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Letter to the Editor

 The possibility of a multi-use trail on the disused Octoraro rail line has been considered by many since 1971, when service was discontinued.  It was brought to the attention of the Chadds Ford and Concord township supervisors last October when the Friends of the Chester Creek and Octoraro Branches group requested (and received) resolutions of support enabling the Friends to apply for a Department of Conservation and Natural Resources grant for partial funding of a feasibility study.  The study is an in-depth look at all aspects of a possible trail, with the obvious first task being a determination of legal issues regarding the right of way.  Community surveys, public meetings and meetings with close-proximity landowners are held; and engineering studies, cost estimates, parking and restroom provisions, maintenance and security are all issues addressed in the study.

 The supervisors of each township have also been asked to provide $10,000 matching funds.  With approximately 3,500 residents in Chadds Ford township who might benefit from the study, the cost per resident would be only $2.86, a small price to pay for the pleasure so many might gain:  the ability to walk, run, roll or canter along 9.2 miles of off-road greenspace through our beautiful and historic townships.  The proposed linear park passes by the Brandywine River Museum and Conservancy, the Kuerner farm, the township-owned Pyle studio, the Brandywine Battlefield, the Newlin Grist Mill, and Chester Heights’ new township park.  The opportunity to interconnect with other trails in adjoining townships beckons enticingly.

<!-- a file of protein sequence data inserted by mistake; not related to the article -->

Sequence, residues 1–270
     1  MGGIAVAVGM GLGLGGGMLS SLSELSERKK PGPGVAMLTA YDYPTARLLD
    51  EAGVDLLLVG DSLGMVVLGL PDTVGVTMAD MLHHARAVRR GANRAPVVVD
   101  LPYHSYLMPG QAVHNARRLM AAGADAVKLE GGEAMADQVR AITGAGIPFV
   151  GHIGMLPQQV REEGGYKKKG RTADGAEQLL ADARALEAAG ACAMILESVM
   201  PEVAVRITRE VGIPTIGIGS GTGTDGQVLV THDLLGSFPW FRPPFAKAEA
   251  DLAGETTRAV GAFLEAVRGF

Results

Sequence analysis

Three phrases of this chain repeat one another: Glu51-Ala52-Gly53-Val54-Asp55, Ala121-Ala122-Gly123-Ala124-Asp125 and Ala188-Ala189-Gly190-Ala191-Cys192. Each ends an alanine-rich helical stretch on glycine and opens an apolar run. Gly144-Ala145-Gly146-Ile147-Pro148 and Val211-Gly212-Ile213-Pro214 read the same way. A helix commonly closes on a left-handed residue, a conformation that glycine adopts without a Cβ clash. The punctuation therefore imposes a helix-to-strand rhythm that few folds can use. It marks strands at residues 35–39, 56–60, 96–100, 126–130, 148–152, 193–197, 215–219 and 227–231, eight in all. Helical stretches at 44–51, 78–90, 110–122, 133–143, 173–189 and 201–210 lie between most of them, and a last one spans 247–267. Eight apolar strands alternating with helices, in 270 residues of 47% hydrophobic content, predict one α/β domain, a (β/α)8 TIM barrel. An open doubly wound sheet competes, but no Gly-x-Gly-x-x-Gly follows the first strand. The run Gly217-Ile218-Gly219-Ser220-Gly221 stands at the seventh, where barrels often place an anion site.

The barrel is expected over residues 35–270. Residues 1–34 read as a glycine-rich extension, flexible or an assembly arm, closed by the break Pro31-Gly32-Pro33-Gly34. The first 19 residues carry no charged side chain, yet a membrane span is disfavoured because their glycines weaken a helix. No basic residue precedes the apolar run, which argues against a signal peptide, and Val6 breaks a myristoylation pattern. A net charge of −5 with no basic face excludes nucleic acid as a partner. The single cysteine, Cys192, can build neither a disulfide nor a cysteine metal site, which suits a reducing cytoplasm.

In tiny Chadds Ford township, with the unfortunate juxtaposition of two major state highways or narrow winding rural lanes, both overpopulated with speeding trucks and cars, what is left for those who seek to restore their souls with the potent medicine of an afternoon outdoors?

 It’s been said that you can’t put your foot in the same river twice.  There is a river of green flowing at this moment in time, in very available public and private funds.  How long it will flow is anybody’s guess.  Will the river flow right past our back door and end up downstream in someone else’ back yard?  I hope not, at least to the degree that our supervisors take a serious look at the opportunity  by committing funds to the feasibility study.  I urge them to take seriously their responsibility to act in the public interest by assessing the desires of our citizens.  The March 6 Chadds Ford Civic Association meeting is a start, but perhaps a community survey or referendum should be considered.

 If those who want to register their opinion care to, they can do so by sending an e-mail to

Anne Pounds
Chadds Ford